The Alternative Spanish Dictionary

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Colourful extracts from Wiktionary. Slang, vulgarities, profanities, slurs, interjections, colloquialisms and more.

Page 9 of 13


mayate {{wikipedia}} etymology From nci mayātl. pronunciation
  • /ma.ˈʝa.te/
noun: {{es-noun}}
  1. {{vern}}, June bug ({{taxlink}})
  2. (Mexico, slang) active (top) homosexual or bisexual
  3. (Chicano, slang) black person
mazacote etymology From Italian marzacotto, from Arabic مسحقونيا 〈msḥqwnyạ〉, from Classical Syriac ܡܫܚ ܩܘܢܝܐ 〈mshḥ qwnyʾ〉.
noun: {{es-noun}}
  1. concrete
  2. (plant) barilla ({{taxlink}})
  3. a crude work of art
  4. (colloquial) dry, hard food
  5. (colloquial) annoying person
proper noun: {{es-proper noun}}
  1. (colloquial) McDonald's, Maccy D's the fast-food restaurant chain
adjective: {{head}}
  1. feminine of meco, brown
noun: {{es-noun}}
  1. (colloquial, Chile) excrement, shit
  2. mecca
me cago en la leche etymology Literally, I shit in the milk
phrase: {{es-phrase}}
  1. (vulgar, Spain, idiomatic) fuck; fuck it
Used to express anger, irritation, contempt, or disappointment, but also to express happiness, e.g.: when meeting someone after a long period of time. Synonyms: me cago en la puta
me cago en la puta etymology Literally, I shit in the prostitute
phrase: {{es-phrase}}
  1. (vulgar, Spain, idiomatic) fuck; fuck it
Used to express anger, irritation, contempt, or disappointment, but also to express happiness, e.g.: when meeting someone after a long period of time. Synonyms: me cago en la leche
noun: {{es-noun}}
  1. lock, tuft (of hair)
  2. (colloquial) fresher, freshman (in university)
me la pela
phrase: {{es-phrase}}
  1. (Spain, idiom, colloquial, vulgar) I don't give a shit
menso pronunciation
  • [ˈme̞̞]
  • See also: manso
etymology Arguably from Latin mensa; it is thought that Medieval monks used the names of inanimate objects in disparaging reference to illiterate or non‐discerning people.
adjective: {{es-adj}}
  1. (offensive, Mexico, Central America) foolish, dull
  2. (offensive, Mexico, Central America) distracted, absent-minded
  3. (offensive, Mexico) ignorant
  4. (offensive, Mexico) inexpert
  5. (offensive, Mexico) timid, shy
  6. (offensive, Mexico) ingenuous, naive
Synonyms: (foolish) bobo, tonto, tarado, insensato, (distracted) distraído, absorto, (ignorant) ignorante, (inexpert) novato, inexperto, principiante, (timid) tímido, penoso, chiveado, (ingenuous) ingenuo, inexperto
  • (foolish) listo, brillante, inteligente, aguzado
  • (distracted) concentrado, atento, aguzado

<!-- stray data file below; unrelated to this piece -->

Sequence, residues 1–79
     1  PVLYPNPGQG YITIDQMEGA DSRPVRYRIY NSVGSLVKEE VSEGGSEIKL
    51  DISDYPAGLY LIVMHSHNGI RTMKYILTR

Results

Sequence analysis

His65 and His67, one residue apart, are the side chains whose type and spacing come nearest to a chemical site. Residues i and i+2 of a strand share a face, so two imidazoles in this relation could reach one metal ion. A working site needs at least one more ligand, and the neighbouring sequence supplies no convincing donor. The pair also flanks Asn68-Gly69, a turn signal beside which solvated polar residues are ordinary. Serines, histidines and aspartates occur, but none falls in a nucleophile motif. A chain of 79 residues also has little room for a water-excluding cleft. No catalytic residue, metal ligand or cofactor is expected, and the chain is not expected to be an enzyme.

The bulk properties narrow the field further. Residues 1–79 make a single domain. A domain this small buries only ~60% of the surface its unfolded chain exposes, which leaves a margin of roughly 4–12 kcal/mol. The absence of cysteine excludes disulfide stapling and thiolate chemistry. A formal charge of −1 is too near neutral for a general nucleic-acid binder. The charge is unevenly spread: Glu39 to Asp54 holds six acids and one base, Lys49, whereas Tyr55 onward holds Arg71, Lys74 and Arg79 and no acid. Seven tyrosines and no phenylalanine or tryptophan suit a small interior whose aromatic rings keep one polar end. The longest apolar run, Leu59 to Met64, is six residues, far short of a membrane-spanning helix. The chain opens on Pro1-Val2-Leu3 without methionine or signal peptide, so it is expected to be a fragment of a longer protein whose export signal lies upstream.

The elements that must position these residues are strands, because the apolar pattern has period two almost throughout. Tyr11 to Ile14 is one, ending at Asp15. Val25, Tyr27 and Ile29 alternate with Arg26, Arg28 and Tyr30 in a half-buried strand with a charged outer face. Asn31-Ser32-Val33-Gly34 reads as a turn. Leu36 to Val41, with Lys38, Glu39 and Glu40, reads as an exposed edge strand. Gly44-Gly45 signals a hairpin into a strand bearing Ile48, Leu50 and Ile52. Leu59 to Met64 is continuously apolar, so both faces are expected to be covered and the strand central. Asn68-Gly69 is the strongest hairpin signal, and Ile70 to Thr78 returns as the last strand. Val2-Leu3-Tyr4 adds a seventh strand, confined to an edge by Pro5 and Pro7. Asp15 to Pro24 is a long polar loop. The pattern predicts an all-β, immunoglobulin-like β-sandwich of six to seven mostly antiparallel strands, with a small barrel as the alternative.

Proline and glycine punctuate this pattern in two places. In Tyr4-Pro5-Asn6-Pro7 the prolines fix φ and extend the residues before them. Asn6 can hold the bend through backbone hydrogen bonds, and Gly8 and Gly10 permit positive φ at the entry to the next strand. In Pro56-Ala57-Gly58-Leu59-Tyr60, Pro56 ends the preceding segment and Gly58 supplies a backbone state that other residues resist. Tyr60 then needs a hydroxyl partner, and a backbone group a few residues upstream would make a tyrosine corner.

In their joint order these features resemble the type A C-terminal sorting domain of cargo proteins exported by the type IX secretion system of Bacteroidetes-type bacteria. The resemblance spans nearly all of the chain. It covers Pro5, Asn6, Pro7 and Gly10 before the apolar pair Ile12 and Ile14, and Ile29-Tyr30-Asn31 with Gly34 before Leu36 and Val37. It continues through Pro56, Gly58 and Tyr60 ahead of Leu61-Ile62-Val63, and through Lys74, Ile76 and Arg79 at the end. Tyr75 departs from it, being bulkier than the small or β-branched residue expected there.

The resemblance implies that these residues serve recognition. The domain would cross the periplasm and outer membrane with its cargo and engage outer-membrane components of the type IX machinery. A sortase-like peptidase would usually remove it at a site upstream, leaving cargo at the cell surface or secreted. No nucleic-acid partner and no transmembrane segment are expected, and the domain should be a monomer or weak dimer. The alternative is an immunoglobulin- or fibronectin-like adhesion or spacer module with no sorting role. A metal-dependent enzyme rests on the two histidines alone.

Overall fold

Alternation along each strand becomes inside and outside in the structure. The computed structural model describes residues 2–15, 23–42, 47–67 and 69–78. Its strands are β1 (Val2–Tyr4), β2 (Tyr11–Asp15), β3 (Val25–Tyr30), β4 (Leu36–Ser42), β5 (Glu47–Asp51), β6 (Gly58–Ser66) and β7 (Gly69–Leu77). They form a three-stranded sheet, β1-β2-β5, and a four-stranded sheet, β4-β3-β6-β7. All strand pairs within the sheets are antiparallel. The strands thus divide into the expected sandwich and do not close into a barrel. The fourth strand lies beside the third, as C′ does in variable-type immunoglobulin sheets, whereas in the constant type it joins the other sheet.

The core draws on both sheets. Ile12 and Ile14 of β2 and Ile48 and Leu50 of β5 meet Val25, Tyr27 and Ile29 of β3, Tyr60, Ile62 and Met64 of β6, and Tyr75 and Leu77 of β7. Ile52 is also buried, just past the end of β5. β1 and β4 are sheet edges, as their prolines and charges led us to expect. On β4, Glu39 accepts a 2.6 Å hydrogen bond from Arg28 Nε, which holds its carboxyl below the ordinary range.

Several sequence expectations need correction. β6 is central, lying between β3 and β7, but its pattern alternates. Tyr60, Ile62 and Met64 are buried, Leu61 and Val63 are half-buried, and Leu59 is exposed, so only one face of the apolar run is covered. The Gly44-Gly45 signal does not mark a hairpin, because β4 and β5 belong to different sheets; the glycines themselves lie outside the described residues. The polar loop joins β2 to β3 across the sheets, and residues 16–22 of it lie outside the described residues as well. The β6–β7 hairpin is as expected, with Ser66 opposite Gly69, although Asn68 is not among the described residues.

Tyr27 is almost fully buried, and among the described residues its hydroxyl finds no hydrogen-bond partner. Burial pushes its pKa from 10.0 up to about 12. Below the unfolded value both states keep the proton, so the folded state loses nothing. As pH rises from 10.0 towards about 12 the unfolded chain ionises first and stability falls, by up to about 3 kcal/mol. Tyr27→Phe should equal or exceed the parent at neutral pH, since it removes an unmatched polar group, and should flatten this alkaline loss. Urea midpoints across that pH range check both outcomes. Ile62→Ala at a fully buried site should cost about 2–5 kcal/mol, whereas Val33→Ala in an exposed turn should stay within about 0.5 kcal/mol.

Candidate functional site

• (ignorant) sabio, conocedor, inteligente
  • (inexpert) experto, perito, conocedor
  • (timid) aventado, valiente, decidido
  • (ingenuous) colmilludo, sagaz
  • Although in some contexts sonso, bobo, tonto, menso, tarado, idiota, imbécil, estúpido and pendejo may be synonyms, in most contexts have a different degree, having sonso the mildest connotation, increasing its intensity in that rough order, to estúpido and pendejo, which have the most offensive sense.
noun: {{es-noun}}
  1. (Argentina, Uruguay, colloquial) piece of junk
  2. (Argentina, Uruguay, colloquial) useless person
metalero pronunciation
  • /me.ta.ˈle.ɾo/
    • {{rhymes}}
etymology 1 From metal + ero.
noun: {{es-noun}}
  1. (informal) headbanger, metalhead
etymology 2 From metal + ero.
noun: {{es-noun}}
  1. (rare) metalworker
adjective: {{es-adj}}
  1. (Bolivia, Chile) metal attributive
meter la pata
verb: {{head}}
  1. (idiomatic, colloquial) mess up; slip up; screw up
Synonyms: equivocarse
adjective: {{es-adj}}
  1. (colloquial) nosy, meddlesome
Synonyms: entremetido, metido, metiche
miéchica etymology Euphemistic variant of mierda. pronunciation
  • /miˈetʃika/
interjection: {{head}}
  1. (colloquial) damn, blast
mierda etymology From Latin merda. pronunciation
  • /ˈmjeɾda/, /ˈmjeɾða/
noun: {{es-noun}}
  1. (vulgar) shit ¡Vete a la mierda! "Go to shit" (analogous to English "go to hell")
adjective: {{es-adj}}
  1. worthless, pissass ¡Tu hombre vale mierda! (Your man is worth shit!) Odio este pueblucho de mierda. (I hate this shitty little town.)
mierda pinchada en un palo etymology Literally, "shit stuck on a stick"
noun: {{es-noun}}
  1. (idiomatic, vulgar) piece of shit something of little or no value
mijo {{wikipedia}} pronunciation
  • /ˈmi.xo/
etymology 1 From Latin milium.
noun: {{es-noun}}
  1. millet
etymology 2 Contraction of mi hijo, or mi hija. Alternative forms: m'ijo
noun: {{es-noun}}
  1. (colloquial, Chile) darling
  2. (colloquial, Mexico) friend, guy
mili etymology short for milicia
noun: {{es-noun}}
  1. (colloquial) military service
milicia etymology From Latin mīlitia, from mīles, mīlitis "solider". pronunciation
  • (Castilian) /miˈliθja̠/
  • (Others) /miˈlisja̠/
noun: {{es-noun}}
  1. army
  2. military service
  3. militia
Synonyms: (military service) mili (colloquial)
related terms:
  • milico
  • militar
noun: {{es-noun}}
  1. (derogatory, Latin America) soldier
Synonyms: miliciano, militar, soldado
related terms:
  • mili
  • milicia
  • militar
militar pronunciation
  • /miliˈta̠ɾ/
etymology 1 From Latin mīlitāris, from mīles.
adjective: {{es-adj}}
  1. military
noun: {{es-noun}}
  1. soldier
  2. any person serving in the military
Synonyms: (soldier) soldado {{g}}, milico {{g}} (colloquial), (any person serving in the military) milico (colloquial)
etymology 2 From Latin mīlitāre, from mīlitō.
verb: {{es-verb}}
  1. to participate actively in a political organization, especially in the military
noun: {{es-noun}}
  1. milonga music
  2. milonga dance
  3. (colloquial) porky, pork pie lie